Unlike the two-tournament women’s week, the competition days of the three July events are directly opposite each other. The John Deere Classic runs July 12-15 at TPC Deere Run in downstate Silvis. Those are also the tournament dates for the Constellation Senior Players Championship – one of five majors on PGA Tour Champions – at Exmoor, in Highland Park, and the first-ever U.S. Senior Women’s Open, a national championship that led to a rare opening of the gates to historic Chicago Golf Club. The nation’s first 18-hole course hasn’t hosted an open-to-the-public event since the Walker Cup matches of 2005.

How does a golf spectator solve this overload of riches? I have no idea. Entering my 50th year reporting on Chicago golf tournaments, I’ve never had a challenge like this one. I don’t even know where I’ll be each day of that week — but I will be at each of the three events for at least a day, I promise.

As for the rest of the year, the events that bear watching are fortunately spread out a bit.

The first that will draw some spectators is the 67th Illinois PGA Match Play Championship, which is also at Kemper Lakes. A fixture at that club in recent years, the tournament runs May 7-10, concluding on the day that the PGA’s high-profile Players Championship tees off at Florida’s TPC Sawgrass.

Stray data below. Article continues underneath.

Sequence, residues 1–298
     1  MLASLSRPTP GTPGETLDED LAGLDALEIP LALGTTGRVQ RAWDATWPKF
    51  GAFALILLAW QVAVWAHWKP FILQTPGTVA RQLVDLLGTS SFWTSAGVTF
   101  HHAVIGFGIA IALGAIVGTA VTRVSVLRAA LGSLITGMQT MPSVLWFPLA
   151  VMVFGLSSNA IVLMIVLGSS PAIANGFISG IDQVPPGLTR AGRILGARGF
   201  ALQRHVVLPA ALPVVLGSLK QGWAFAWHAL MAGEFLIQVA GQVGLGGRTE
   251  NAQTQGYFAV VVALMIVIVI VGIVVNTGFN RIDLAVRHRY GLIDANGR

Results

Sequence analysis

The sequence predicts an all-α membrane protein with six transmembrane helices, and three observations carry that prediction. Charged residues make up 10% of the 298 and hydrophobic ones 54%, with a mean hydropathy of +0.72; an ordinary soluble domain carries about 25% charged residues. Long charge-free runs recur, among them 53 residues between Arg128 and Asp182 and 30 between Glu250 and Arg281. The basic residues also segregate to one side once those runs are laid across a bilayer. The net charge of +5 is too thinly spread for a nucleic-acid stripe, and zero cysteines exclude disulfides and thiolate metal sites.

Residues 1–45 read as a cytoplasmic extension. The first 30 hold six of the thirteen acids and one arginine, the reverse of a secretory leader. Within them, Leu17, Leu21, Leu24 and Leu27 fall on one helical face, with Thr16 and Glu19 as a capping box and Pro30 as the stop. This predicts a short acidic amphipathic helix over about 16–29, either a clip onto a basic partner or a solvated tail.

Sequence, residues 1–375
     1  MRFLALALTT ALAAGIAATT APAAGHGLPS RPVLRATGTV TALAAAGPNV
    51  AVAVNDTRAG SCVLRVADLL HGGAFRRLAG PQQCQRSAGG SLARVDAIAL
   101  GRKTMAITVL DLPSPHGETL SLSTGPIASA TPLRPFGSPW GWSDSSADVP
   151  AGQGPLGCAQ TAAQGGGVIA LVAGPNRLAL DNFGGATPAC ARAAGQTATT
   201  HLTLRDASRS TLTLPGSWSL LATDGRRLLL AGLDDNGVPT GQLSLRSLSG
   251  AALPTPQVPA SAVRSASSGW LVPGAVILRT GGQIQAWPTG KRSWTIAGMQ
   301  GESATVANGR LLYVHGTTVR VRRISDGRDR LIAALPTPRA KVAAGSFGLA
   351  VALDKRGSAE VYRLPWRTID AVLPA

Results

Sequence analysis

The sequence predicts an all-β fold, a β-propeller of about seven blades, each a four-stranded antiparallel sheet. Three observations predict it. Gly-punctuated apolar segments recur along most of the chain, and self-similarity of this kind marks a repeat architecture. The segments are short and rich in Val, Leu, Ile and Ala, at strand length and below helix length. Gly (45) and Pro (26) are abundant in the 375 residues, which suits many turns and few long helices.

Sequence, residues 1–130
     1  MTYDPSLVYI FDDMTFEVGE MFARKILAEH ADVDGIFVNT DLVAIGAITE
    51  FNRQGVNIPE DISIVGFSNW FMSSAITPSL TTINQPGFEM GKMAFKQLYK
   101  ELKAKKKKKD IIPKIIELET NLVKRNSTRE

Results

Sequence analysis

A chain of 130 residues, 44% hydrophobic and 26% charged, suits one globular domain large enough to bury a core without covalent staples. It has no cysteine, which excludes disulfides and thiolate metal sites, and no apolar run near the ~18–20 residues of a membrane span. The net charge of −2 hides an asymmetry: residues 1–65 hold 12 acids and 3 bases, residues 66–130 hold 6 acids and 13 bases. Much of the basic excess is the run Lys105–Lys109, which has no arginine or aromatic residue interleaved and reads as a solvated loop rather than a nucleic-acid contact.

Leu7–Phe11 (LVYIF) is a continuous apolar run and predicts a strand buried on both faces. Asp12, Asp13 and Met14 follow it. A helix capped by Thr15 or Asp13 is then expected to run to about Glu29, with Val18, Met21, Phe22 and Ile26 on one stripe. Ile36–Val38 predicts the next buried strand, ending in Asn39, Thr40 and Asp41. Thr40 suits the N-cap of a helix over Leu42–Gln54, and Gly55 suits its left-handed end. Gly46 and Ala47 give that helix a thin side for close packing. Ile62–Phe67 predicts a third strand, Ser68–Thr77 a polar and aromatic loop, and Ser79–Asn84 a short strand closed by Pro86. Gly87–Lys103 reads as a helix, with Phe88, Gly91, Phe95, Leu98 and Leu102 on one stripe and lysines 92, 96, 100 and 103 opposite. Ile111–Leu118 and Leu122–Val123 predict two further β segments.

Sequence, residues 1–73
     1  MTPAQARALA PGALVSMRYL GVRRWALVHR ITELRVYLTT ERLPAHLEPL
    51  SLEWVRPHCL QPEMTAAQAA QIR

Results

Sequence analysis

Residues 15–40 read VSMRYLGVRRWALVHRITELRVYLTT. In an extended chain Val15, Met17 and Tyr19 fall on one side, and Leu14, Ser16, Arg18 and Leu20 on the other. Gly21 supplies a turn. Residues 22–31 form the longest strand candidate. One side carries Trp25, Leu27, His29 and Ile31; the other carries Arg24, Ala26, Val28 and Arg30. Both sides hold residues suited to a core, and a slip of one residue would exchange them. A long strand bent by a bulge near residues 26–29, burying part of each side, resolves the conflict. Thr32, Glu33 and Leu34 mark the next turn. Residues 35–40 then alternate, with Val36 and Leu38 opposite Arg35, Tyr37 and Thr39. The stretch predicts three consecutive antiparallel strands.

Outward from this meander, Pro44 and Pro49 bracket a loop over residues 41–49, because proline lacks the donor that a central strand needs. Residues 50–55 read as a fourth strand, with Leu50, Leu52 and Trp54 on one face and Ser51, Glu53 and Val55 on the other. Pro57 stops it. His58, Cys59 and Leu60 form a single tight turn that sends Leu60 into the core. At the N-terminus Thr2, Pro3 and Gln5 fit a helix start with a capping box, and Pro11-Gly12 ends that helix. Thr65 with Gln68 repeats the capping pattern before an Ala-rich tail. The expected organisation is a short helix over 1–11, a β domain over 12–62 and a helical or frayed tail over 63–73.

If you want a Champions Tour warmup for the Exmoor visit, the Senior PGA Championship returns to Michigan’s Harbor Shores from May 24-27. The Web.com Tour is back for a third straight year, with the Rust-Oleum Championship at Ivanhoe Club June 7-10 – a week before the U.S. Open at Shinnecock Hills in New York.

Then, on successive weeks, comes the Illinois State Women’s Amateur at Aldeen, in Rockford, and the CDGA Amateur at Briarwood, in Deerfield.

The big three-tournament week in July will be immediately followed by the Illinois State Amateur at Bloomington Country Club and the Western Amateur at Sunset Ridge, in Northfield, tees off 10 days after that.

In August the 69th Illinois Open, — Aug. 6-8 at The Glen Club, in Glenview and a second course still to be announced — leads directly into the 100th playing of the PGA Championship at Bellerive, the premier club in the St. Louis area.

August wraps up with the 96th playing of the Illinois PGA Championship at the only public facility in the event’s three-tourney rotation — Stonewall Orchard, in Grayslake. That pretty much will bring an end to the Chicago tournament season and it’ll be a bit earlier finish than most years.

Had enough already? By the time all those events are over it’ll be time to squeeze in as many rounds as possible before cold weather returns. One thing to note, though. This year’s condensed schedule should be expected again in 2019 when the PGA Tour makes radical shifts in its schedule in order to finish the bulk of it by Labor Day. Anything the PGA Tour does generally has an impact on Chicago play in one way or another.